Boston Linux & UNIX was originally founded in 1994 as part of The Boston Computer Society. We meet on the third Wednesday of each month at the Massachusetts Institute of Technology, in Building E51.

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1994b: Linux and Internet Services

(by Richard Weld; September 1994)

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Linux and Internet Services (Sep 6, 1994)

Linux and Internet Services

BCS Linux/Unix Group meeting - Tuesday, September 6, 1994
Minutes by Richard Weld

At the September meeting of the BCS Linux Group, Rich Braun of Pioneer Global Telecommunications spoke about Linux and the Internet.

Rich does not think that Linux is quite ready for the typical office, mainly because of its scattered files and sparse documentation, but this is rapidly improving. He does think that Linux is an ideal operating system for connecting businesses to the Internet. Linux is exceptionally reliable and as of version 1.1.49, almost all problems had been fixed. In the past, the cost of a Unix system made it impractical for small businesses, but Linux has changed that. And current '486 machines are comparable to DEC's PDP 10, the machine most used for developing Unix.

Rich considers Linux systems as "WWW (World Wide Web) servers in a box". Most WWW users are mainly browsers whose first interest is email and then conferencing. Rich also thinks Linux is ideal for UUCP. He pointed out that the speed of communications is regulated by the speed of the disk drive(s) so several small sites have an advantage over a single large site. He recommended UUCP because it is very easy to configure and it is not just a protocol, it also includes compression. And he recommended Dynafeed 1.05 to tell the server what groups you want.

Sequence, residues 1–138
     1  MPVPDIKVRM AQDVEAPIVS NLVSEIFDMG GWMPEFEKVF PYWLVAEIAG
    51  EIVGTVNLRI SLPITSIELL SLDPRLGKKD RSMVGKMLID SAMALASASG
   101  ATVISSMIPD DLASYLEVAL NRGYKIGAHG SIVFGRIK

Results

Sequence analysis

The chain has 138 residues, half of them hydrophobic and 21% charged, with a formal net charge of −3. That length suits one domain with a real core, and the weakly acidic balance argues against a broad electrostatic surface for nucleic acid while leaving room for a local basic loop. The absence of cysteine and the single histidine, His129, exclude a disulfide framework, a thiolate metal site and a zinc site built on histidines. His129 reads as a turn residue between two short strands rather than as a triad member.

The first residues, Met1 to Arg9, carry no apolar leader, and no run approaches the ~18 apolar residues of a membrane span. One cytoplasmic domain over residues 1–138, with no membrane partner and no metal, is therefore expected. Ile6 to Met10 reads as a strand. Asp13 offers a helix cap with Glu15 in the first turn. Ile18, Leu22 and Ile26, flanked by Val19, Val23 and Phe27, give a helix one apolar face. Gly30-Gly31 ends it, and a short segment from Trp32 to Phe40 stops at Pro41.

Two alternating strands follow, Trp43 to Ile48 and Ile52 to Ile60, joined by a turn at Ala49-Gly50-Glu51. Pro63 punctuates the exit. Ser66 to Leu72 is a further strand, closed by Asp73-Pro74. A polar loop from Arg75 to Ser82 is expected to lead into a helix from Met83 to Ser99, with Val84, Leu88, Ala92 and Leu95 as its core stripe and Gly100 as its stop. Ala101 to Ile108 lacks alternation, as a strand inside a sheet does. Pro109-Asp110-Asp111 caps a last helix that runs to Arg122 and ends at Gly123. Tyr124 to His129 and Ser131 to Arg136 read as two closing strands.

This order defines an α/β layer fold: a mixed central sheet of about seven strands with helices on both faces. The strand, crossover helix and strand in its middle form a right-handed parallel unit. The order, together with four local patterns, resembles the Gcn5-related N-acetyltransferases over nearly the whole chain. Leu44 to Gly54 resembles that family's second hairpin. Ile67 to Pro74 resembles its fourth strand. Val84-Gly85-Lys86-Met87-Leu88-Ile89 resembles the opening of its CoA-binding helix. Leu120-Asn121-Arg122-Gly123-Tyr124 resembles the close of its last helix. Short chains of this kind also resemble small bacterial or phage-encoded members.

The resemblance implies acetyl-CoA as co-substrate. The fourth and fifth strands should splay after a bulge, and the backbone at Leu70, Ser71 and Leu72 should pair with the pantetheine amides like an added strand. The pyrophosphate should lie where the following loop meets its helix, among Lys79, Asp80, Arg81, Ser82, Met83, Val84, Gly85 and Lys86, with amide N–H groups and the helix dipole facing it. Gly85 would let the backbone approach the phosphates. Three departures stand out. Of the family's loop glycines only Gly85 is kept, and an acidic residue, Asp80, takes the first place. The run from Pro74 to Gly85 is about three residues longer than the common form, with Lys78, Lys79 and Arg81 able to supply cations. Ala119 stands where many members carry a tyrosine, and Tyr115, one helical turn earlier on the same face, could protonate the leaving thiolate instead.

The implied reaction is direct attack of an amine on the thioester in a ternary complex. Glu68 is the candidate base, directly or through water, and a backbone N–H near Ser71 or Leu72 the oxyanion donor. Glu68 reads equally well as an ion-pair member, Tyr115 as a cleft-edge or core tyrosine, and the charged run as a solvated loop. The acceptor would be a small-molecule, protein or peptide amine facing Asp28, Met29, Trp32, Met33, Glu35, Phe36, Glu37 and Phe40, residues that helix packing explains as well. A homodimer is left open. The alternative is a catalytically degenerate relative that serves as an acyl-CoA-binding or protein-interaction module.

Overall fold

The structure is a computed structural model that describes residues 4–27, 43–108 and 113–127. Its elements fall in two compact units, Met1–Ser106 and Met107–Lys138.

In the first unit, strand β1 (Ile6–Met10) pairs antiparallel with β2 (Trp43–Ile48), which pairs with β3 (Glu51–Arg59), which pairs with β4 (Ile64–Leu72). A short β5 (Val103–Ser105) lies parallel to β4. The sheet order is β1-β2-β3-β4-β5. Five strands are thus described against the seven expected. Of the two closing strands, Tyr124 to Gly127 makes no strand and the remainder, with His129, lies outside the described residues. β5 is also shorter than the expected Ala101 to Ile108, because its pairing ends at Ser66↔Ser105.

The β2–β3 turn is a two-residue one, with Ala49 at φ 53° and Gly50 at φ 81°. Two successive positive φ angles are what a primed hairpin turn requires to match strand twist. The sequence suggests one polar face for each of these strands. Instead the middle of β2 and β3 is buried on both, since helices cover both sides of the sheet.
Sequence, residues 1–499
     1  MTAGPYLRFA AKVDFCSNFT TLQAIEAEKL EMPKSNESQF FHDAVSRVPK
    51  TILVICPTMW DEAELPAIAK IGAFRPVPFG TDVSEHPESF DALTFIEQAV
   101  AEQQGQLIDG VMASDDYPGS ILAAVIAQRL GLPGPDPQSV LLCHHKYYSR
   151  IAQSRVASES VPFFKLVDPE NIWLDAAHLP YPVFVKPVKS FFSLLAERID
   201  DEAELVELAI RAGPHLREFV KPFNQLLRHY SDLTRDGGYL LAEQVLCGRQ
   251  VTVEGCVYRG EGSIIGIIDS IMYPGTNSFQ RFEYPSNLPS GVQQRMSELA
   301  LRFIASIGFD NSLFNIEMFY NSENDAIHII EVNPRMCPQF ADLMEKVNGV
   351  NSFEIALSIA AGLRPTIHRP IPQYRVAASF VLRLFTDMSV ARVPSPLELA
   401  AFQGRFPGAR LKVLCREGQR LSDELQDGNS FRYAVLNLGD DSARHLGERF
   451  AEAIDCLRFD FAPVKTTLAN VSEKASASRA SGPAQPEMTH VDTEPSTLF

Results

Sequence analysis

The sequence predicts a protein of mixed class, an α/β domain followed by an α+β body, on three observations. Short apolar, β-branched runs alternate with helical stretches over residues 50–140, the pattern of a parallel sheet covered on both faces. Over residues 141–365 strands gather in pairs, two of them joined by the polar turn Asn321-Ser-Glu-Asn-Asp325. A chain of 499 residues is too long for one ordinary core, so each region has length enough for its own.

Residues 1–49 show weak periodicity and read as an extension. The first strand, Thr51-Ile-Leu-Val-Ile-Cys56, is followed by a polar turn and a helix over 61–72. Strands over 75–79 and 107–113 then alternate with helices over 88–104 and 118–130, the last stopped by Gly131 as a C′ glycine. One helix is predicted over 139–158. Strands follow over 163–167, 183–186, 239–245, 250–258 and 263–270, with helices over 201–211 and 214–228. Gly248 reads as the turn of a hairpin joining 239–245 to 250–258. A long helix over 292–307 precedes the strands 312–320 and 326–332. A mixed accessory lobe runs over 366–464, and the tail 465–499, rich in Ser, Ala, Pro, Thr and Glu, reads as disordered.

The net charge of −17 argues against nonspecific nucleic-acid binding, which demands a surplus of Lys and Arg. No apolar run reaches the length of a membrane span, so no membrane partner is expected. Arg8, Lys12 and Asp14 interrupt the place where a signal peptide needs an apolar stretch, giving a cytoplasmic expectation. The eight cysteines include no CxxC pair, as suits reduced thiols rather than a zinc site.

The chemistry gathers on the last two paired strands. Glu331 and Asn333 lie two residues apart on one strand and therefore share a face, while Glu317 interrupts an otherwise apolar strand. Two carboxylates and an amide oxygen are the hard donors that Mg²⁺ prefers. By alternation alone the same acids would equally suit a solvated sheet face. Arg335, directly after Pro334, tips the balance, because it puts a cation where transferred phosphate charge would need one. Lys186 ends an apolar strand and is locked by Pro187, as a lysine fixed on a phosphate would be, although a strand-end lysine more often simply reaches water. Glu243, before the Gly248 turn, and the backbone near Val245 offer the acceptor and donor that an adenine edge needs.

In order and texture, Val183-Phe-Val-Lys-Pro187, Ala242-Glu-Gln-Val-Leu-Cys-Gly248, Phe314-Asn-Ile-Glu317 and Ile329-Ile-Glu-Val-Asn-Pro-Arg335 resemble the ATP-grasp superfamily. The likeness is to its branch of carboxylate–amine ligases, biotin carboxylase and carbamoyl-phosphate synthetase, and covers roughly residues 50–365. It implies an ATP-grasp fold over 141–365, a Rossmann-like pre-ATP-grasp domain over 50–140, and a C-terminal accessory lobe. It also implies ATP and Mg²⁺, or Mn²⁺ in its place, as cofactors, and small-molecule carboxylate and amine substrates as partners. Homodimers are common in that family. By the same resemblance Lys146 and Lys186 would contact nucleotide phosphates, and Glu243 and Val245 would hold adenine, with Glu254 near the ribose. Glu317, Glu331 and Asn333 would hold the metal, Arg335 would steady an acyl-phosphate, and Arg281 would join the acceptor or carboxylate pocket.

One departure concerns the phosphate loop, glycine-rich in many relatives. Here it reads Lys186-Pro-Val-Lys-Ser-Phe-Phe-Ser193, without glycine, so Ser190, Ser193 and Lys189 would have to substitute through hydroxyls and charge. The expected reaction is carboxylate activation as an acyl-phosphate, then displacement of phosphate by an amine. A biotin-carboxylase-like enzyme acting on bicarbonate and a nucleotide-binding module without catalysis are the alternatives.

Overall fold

Rich summarized by listing some of the things that Linux can do and some of the things you can do with Linux. A typical '486 with Linux makes a good UUCP mail switching hub, a WWW server, a terminal server, an Xterminal, or a modest router. You can also use a Linux system as a network news server but it needs about 32 meg. of RAM to handle 200 meg. of daily traffic. For your personal use you can use a Linux system for educational purposes, for scientific applications, for developing TCP/IP and Unix applications, and as a terminal. He pointed out that both Linux and the Internet are both in their early stages, and have a huge growth potential. There are many opportunities for imaginative and innovative applications using both systems. Both open doors to new ventures.


If you want Internet features like Mosaic, X11, etc., you need a TCP/IP connection. This is a direct connection to the Internet where your computer actually becomes a peer computer or node. For serial line connections there are three common protocols: SLIP or Serial Line Internet Protocol is the oldest and most popular, but there are variations. CSLIP is identical to SLIP except it compresses the TCP/IP headers for better throughput. And PPP or Point to Point Protocol is a standardized protocol that has error detection for each frame, but it is also a hassle to configure. Rich prefers CSLIP when it is available, and thinks PPP is still a little buggy. He also recommends using an error detecting modem with SLIP or CSLIP.

Special thanks to Rich Braun for an excellent presentation.

See the October, 1994 Linux Journal for a good overview of SLIP and its use with Linux.

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